Time for Reconition

It is time for those who served in Operation Crown and Post Crown to be recognised.

The Australian and New Zealand Sappers that served in Op-crown qualified for a clasp to their Australian and New Zealand Service Medals, which was sanctioned with the Sovereign's permission. Although they were deployed there with  and at the same time and doing the same job as the British service men, it did not stop the then Labour PM Mr Wilson from giving a categorical "NO" for a similar award to be issued to the British contingent at "Crown".

This injustice ha prompted extensive enquiries at high UK Military & Government level by the Operation Crown Association. It has now been firmly established that there will be no UK recognition of Op-Crown & Post-Crown efforts, as a consequence of Sir John Holmes Military Medal Review 2012 and subsequent Government rulings in 2014. In essence, no further historic claims will be reviewed unless there is significant new evidence. The principal reasons being cost and the requirements for sufficient levels of danger and difficult conditions, dubbed ‘Risk & Vigour’.

 

Following on from the UK's refusal to sanction an award, a letter and justification to the Prime Minister of Thailand for a Thai Govt Medal, using the Malaysian Pingat Jasa as an example, also failed even though it was progressed through the system with the help of the British Defence Attaché in Bangkok.

All due thanks must go to Mike Stanbridge for his persistant vigour in pursuing an official award reconition for All Op-Crown personnel.

 

As a consequence of the latest rejection for an official award, the Operation Crown Association is commissioning  the production of it's own commemorative medal based on the design produced by myself... Roger Andrews. The ‘tooling & casting’ cost will be covered from association funds with OCA members being able to purchase their own medal at cost price plus P&P. Associate & Non-OCA members would be able to purchase the medal at a higher price so that the Association could recover part of the ‘tooling & casting’ costs

 

The medal to be worn with pride, not alongside campaign medals, gallantry decorations but separately and distinctively.

The  medal to be  available to all those who served on Operation Crown or Post Crown, their next of kin or direct descendants.

The commemorative medal as designed by me is depicted and described below

Operation Crown Commemorative Medal Description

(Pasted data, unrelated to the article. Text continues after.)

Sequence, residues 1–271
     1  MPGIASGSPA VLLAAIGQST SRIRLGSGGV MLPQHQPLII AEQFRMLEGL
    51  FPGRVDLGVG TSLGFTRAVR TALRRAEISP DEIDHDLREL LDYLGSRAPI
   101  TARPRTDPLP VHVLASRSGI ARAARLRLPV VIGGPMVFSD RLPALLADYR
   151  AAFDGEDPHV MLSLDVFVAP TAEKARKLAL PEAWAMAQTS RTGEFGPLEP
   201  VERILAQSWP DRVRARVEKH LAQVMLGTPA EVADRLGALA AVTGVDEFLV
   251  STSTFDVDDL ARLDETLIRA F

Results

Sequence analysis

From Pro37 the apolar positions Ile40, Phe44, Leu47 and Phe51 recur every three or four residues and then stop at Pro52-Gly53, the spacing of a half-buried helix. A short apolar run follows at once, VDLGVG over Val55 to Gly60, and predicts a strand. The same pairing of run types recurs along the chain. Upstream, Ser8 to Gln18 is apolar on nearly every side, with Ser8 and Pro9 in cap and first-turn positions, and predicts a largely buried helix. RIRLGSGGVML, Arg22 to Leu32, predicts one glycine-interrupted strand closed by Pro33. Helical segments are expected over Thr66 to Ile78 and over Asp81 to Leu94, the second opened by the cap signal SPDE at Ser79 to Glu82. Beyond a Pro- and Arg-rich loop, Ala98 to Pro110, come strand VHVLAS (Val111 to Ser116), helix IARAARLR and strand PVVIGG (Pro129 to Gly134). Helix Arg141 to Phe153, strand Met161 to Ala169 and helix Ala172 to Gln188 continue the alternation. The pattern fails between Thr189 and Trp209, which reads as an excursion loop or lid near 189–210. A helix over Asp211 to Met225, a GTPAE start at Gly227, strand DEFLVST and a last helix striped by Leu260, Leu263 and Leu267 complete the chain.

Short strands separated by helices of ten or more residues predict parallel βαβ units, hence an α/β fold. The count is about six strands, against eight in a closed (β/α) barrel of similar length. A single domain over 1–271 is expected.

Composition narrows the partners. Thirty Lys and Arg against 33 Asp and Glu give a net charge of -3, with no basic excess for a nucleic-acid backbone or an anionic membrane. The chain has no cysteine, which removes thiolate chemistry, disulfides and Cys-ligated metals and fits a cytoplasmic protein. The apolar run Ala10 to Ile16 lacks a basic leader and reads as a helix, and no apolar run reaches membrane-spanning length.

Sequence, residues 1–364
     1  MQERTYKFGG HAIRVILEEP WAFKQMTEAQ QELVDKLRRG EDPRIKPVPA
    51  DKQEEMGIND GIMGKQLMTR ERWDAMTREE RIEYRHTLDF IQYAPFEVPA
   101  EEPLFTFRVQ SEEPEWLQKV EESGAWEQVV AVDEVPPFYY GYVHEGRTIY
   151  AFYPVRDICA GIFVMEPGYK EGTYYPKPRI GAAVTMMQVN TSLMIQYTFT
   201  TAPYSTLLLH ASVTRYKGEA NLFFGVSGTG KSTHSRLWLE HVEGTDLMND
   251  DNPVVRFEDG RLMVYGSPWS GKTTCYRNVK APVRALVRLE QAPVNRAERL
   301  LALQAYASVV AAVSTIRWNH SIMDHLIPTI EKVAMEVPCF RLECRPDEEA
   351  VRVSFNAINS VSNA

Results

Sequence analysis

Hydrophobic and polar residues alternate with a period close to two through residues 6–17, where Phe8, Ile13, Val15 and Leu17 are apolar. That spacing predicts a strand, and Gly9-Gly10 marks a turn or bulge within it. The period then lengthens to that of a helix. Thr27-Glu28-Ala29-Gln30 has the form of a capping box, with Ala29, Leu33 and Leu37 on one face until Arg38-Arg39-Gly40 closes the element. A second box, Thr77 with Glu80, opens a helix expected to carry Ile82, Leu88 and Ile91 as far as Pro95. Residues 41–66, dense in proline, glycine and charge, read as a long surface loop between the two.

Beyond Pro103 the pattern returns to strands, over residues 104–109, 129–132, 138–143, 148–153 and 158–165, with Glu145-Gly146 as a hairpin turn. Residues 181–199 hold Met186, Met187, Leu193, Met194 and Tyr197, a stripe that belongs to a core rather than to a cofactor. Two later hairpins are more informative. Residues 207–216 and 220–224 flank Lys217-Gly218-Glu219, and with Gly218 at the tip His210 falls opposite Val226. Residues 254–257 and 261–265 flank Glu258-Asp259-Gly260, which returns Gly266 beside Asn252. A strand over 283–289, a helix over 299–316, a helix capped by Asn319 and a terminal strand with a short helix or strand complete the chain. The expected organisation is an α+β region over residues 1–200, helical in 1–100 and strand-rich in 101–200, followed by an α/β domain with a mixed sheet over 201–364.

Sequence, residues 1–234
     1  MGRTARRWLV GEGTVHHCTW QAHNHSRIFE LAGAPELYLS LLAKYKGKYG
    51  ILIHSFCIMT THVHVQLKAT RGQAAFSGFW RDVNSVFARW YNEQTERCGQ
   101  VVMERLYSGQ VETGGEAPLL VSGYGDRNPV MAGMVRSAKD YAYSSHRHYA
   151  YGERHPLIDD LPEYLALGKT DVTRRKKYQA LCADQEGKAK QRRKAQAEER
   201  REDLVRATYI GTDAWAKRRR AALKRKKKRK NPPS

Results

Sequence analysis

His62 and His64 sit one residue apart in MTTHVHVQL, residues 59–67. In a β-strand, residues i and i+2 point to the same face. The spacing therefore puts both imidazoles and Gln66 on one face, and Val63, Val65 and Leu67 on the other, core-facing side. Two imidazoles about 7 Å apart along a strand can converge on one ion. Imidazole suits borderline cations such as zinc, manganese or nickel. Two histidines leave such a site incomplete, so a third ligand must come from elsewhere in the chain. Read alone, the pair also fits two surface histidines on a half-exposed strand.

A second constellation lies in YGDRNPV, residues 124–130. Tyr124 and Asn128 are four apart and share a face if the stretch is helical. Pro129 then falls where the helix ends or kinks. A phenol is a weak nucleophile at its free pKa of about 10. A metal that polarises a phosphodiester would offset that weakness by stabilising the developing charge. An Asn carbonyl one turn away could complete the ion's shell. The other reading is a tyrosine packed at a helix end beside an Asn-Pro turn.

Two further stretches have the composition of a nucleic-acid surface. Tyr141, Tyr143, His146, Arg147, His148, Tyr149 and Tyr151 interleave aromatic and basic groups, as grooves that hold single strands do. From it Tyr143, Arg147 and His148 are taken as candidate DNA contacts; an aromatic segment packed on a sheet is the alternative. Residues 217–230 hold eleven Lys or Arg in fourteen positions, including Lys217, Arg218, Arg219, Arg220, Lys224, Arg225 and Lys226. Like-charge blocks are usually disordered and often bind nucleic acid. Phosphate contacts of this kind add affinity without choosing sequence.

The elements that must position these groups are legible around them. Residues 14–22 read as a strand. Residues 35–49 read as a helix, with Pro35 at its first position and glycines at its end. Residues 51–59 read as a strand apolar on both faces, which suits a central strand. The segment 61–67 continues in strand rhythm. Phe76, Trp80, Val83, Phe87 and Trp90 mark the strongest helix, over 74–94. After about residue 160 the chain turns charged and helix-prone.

Medal is being struck in Polished Nickel Silver.

Full size medal: 36mm in diameter and 3mm thick as per standard UK issued medals.
Miniature medal: Mirroring the full size medal but 18mm in diameture as per standard

UK issued miniature medals.

The Obverse (face) of Medal

With the words "OPERATION CROWN" embossed and arched around the top of

the medal and "THAILAND" embossed and arched around the bottom of the medal.
A Stylised depiction of  “Thai Great Crown of Victory" embossed and centred on the medal.
1963” embossed and centred to the left of the “Crown”.
1968” embossed and centred to the right of the “Crown”.
All lettering in capitals

The Reverse (rear) of Medal

Laurel/Oak leaf wreath embossed around edge, with the words
           UK
    Armed Forces
      Deployed
    in support of
SEATO and SLAT     
     1963-1968

embossed in both upper and lower case lettering balanced and centred on medal.

 

Note:

1. "SEATO"  South East Asia Treaty Organization

2. "SLAT"     Special Logistics Action for Thailand

The Medal Ribbon

Based on the Thai flag colours Red-White-Blue-White-Red striped,

in ratio proportions of 1:1:2:1:1.

The medal will be available as:

1. A single full sized medal in a presentation box.

2. A full size and miniature along with a ribbon bar in a presentation box.

Name, Rank, number, and Unit i.e. RE, REME etc' will be engraved on edge of medal.

Commemorative Medals

On the subject of commemorative medals, the following paragraph from the medal producer is ‘food for thought’ if you are faced with any confrontation on the matter. It reads as follows:
"We live in a world steeped in military history with barely a day going by, in modern times, without conflict and the recognition of achievements, sacrifices and involvement of many people. This proves to be an ever-increasing sensitive undertaking.
Commemorative Medals often work in conjunction with groups and associations to pay tribute to acts, battles, conflicts and service that are unrecognised by official rewards for political, confidential or economic reasons. The instituting of such medals has always caused debate and discussion, which is both acceptable and important in a democratic society.
It is however important to remember that whilst such issues may upset the few, a large number of deserving personnel take a great deal of satisfaction in being able to immortalise their contribution to specific events, be they commemorative or otherwise".

What are the RBL general rules for wearing medals?

The following extract from Royal British Legion Ceremonial Handbook states:
'The official rules for wearing medals allow only official awards to be worn. Unofficial purchased medals and foreign medals which do not have the Sovereign's permission to be worn are not allowed. Standard Bearers, Parade Marshals and other officials on Legion duty are bound by this ruling and unofficial medals must not be worn when on Legion duty.'
The Legion has no jurisdiction to issue any guidance on medal wearing at non-Legion events.